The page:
Qatar Solar Technologies (QSTec) has announced it will build a US$1 billion polysilicon manufacturing plant in Ras Laffan Industrial City.
The plant is expected to produce 8,000 metric tons of polysilicon per year. QSTec expects the facility to be operational in the second half of 2013. Dr. Khalid K Al Hajri, CEO of QSTec said the plant will serve both domestic and foreign energy needs. “By utilizing Qatar’s resources today to make polysilicon, which in turn creates a variety of solar energy technologies and products, we are helping the global transformation towards a more diversified mix of clean energy solutions.”
Qatar made a cleantech splash earlier in the year when the country’s state-owned investment corporation purchased a 6.2% stake in one of the world’s largest wind energy companies, Iberdrola S.A. The tiny Persian Gulf nation, which holds 12th largest proven reserve of oil and gas, is increasingly looking to diversify its economy.
According to the U.S. Central Intelligence Agency’s latest data, Qatar had the largest economic growth rate in 2010. And, although oil and gas account for 50% of the country’s GDP and 85% of its exports, the government’s economic policy is focused on developing other areas of its economy.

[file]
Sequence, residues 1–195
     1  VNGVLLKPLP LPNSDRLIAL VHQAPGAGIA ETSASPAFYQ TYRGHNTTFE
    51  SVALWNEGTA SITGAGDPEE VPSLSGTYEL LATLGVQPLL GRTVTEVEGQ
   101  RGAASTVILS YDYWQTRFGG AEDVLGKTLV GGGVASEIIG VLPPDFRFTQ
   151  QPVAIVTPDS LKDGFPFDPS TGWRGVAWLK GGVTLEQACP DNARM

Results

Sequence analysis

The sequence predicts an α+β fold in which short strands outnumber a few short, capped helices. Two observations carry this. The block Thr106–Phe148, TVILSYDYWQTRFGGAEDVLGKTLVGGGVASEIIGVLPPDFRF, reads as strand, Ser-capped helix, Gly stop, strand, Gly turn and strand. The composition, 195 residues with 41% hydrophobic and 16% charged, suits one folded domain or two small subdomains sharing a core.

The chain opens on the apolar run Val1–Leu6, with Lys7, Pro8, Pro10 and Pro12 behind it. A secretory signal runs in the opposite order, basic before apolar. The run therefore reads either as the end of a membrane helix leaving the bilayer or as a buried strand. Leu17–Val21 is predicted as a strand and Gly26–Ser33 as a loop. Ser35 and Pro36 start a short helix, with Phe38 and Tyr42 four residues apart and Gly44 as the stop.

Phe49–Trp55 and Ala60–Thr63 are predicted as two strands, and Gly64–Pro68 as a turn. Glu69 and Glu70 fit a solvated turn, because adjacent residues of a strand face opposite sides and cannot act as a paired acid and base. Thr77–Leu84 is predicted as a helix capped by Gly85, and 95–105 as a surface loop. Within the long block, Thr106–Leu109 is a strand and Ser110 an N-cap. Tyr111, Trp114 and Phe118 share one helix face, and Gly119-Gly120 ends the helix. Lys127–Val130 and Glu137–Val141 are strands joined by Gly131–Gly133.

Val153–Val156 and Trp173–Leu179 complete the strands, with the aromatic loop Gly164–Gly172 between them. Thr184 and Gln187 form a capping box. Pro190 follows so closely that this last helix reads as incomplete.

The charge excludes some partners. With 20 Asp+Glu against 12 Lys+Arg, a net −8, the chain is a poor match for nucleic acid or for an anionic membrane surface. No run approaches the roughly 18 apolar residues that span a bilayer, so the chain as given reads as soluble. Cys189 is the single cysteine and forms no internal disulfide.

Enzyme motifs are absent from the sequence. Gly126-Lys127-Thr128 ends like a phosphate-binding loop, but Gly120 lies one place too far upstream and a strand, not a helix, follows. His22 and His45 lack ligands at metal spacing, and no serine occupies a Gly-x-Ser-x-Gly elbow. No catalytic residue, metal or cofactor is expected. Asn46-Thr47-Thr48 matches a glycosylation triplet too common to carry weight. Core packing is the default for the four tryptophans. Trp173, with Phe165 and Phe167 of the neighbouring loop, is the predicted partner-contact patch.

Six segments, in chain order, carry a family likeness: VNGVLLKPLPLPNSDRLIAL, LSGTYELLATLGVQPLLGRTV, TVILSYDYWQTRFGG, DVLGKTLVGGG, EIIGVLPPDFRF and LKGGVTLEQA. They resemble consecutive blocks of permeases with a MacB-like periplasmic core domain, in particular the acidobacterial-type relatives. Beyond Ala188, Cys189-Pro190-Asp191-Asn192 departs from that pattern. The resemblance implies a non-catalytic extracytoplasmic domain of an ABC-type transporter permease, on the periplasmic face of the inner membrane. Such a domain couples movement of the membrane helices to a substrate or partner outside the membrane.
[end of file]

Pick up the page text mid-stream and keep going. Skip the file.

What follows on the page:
Jumping into the solar industry is not a bad place to start. Globally the industry has boomed over the past several years. Solarbuzz reports that solar photovoltaic installations reached a record high 18.2 gigawatts in 2010, while global revenues topped $82 billion. Installations and revenue grew more than 100% compared to 2009.
An more pertinent financial example for Qatar’s latest clean energy development, might be the United States. Last year, the U.S. saws it PV manufacturing industry have a record year, generating $5.6 billion in export revenue. What was the primary driver of this growth? Production of PV polysilicon feedstock, which produced $2.5 billion in export income.
It is precisely in this growing niche market that Qatar Solar Technologies, a joint venture between Qatar Solar, SolarWorld AG and Qatar Development Bank, hopes to make its mark and capture some of the economic bounty burgeoning solar industry.
Image credit: Daniel R. Blume via Flickr